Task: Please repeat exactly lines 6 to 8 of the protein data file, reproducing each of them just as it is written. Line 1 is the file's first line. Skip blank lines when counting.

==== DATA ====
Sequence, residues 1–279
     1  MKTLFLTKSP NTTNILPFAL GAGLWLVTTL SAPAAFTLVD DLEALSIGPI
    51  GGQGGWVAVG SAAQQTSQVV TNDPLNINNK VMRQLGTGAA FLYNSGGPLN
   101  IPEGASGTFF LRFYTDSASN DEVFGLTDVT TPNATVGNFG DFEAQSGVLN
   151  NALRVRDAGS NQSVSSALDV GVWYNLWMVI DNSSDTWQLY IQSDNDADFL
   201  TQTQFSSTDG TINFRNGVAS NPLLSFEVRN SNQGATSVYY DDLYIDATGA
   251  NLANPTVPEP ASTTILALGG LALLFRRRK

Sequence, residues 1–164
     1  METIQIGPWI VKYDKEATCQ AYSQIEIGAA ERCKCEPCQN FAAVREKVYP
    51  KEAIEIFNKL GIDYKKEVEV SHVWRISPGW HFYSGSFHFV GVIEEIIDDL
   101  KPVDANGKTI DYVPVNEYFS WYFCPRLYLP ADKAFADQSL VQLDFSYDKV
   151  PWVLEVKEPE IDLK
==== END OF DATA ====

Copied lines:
   201  TQTQFSSTDG TINFRNGVAS NPLLSFEVRN SNQGATSVYY DDLYIDATGA
   251  NLANPTVPEP ASTTILALGG LALLFRRRK

Sequence, residues 1–164